• A hahandfull of WorldRider stickers and business cards


I could not care less about the loss. You know, it’s the point—the principle.

All of these items are easily replaceable on the road. The tank bag and panniers are not.

My instinct is to cast blame. With my heart still racing, temperature rising, I call the apartment manager who told me not to worry. She said this was a quiet, safe and secure neighborhood.

She suggests we ask neighbors if they saw anything, and looking in dumpsters to see if thieves discarded any unwanted items. This effort is fruitless. She calls the police. They cannot confirm if there are security cameras and ask us to wait 2-3 hours. I fear this would be a waste of time.

“I saw your bike an hour ago,” she tells me, “all your things were intact.” She explains that she walked by my bike and remarked about the items.

“Last night I was out until 4:30 AM,” I tell her, “My bike was fine and with everything intact. Indeed, I recorded a video showing that my bike was secure and safe.”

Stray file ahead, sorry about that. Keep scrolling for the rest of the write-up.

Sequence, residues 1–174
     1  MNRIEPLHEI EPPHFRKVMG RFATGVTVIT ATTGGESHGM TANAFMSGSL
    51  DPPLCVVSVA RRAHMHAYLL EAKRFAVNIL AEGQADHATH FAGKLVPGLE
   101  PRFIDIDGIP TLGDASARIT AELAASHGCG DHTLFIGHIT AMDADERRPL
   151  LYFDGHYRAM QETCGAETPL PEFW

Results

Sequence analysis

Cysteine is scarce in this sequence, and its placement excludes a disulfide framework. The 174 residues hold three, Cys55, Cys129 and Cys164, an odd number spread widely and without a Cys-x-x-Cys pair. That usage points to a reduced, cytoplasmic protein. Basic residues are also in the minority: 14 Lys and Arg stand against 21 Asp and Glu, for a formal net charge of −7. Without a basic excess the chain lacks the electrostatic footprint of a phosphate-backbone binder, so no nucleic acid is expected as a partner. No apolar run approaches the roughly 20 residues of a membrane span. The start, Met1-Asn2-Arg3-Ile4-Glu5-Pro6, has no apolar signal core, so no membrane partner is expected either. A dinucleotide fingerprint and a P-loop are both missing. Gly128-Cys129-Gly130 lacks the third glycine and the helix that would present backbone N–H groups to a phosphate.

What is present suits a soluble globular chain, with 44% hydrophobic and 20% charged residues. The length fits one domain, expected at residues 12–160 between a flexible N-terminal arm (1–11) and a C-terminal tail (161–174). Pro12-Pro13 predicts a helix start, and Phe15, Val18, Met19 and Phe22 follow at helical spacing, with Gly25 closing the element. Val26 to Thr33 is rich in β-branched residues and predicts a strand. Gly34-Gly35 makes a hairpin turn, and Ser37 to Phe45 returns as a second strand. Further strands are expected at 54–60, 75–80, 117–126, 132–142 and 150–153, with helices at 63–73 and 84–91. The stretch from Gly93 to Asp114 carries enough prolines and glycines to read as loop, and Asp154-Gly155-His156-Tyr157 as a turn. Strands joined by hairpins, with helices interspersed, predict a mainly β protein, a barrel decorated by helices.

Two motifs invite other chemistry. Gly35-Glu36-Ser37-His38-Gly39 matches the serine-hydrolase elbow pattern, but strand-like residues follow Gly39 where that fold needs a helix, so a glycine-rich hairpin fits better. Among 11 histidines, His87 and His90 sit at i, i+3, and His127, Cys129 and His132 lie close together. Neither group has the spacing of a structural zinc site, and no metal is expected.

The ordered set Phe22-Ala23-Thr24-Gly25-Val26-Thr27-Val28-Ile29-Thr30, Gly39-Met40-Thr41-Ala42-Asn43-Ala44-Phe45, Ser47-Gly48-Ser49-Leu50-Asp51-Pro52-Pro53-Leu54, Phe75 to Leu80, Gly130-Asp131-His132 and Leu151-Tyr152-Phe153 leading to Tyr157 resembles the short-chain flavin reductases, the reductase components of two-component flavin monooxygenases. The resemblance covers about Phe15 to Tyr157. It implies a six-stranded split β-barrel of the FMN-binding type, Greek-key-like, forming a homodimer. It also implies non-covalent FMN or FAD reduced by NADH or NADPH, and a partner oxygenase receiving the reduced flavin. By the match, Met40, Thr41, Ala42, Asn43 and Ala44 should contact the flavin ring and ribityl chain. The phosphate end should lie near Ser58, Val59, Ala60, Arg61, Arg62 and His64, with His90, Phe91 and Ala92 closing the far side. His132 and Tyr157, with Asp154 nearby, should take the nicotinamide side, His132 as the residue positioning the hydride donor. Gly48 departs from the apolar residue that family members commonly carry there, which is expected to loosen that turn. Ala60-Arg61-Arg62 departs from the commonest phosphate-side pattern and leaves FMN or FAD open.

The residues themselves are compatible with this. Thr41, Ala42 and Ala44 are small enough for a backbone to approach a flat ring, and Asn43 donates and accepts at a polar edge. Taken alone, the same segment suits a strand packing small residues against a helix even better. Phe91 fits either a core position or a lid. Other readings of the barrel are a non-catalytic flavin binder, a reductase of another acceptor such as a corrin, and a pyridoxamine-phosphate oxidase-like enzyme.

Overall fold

She tells me this never happens. I don’t believe her.

I tell her I don’t want to wait for the police. She will continue to ask people in the building and neighborhood. I agree to settle down.

The rider holds the cable that hooligans cut to steal two helmets.

A few moments later I see a man and woman standing next to a BMW motorcycle. I notice they have items strapped to the back. It seems to me that they are parking the motorcycle near other bikes and scooters. I run over to warn them. Don’t leave anything on the bike.